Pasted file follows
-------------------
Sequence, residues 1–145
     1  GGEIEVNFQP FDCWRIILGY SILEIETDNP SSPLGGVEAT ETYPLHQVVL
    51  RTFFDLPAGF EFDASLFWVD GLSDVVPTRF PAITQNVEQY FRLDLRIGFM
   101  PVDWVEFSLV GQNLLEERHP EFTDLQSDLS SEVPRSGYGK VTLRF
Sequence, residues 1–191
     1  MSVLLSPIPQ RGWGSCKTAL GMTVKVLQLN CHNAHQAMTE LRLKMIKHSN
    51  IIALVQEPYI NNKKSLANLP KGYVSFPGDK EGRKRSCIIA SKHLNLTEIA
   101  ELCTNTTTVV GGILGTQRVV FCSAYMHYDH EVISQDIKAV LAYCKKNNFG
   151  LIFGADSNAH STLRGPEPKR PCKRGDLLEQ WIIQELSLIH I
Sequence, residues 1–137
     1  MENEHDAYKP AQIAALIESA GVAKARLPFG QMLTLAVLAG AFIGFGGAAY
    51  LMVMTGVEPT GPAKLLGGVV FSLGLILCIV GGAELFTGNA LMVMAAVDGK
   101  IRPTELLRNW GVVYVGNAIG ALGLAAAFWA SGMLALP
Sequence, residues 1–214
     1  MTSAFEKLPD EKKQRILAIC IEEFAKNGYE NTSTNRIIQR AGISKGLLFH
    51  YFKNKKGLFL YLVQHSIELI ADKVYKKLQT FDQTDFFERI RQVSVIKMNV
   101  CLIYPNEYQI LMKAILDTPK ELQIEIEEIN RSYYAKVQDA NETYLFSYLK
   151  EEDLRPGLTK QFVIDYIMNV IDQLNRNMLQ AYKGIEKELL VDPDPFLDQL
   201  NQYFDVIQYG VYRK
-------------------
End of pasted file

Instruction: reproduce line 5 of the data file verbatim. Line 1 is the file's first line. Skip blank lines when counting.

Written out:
Sequence, residues 1–191